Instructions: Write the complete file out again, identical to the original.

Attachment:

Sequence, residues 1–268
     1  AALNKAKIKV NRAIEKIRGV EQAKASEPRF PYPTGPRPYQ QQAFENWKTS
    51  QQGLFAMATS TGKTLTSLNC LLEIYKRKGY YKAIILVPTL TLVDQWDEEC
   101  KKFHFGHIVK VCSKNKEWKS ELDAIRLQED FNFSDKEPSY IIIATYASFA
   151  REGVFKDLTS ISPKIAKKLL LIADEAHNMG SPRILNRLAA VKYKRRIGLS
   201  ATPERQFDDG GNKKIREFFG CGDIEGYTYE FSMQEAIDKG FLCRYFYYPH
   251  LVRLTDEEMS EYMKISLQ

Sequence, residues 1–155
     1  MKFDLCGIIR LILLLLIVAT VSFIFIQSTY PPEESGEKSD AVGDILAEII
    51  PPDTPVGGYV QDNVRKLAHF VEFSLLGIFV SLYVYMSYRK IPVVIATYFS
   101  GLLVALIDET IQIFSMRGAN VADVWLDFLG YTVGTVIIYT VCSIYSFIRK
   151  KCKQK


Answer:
Sequence, residues 1–268
     1  AALNKAKIKV NRAIEKIRGV EQAKASEPRF PYPTGPRPYQ QQAFENWKTS
    51  QQGLFAMATS TGKTLTSLNC LLEIYKRKGY YKAIILVPTL TLVDQWDEEC
   101  KKFHFGHIVK VCSKNKEWKS ELDAIRLQED FNFSDKEPSY IIIATYASFA
   151  REGVFKDLTS ISPKIAKKLL LIADEAHNMG SPRILNRLAA VKYKRRIGLS
   201  ATPERQFDDG GNKKIREFFG CGDIEGYTYE FSMQEAIDKG FLCRYFYYPH
   251  LVRLTDEEMS EYMKISLQ

Sequence, residues 1–155
     1  MKFDLCGIIR LILLLLIVAT VSFIFIQSTY PPEESGEKSD AVGDILAEII
    51  PPDTPVGGYV QDNVRKLAHF VEFSLLGIFV SLYVYMSYRK IPVVIATYFS
   101  GLLVALIDET IQIFSMRGAN VADVWLDFLG YTVGTVIIYT VCSIYSFIRK
   151  KCKQK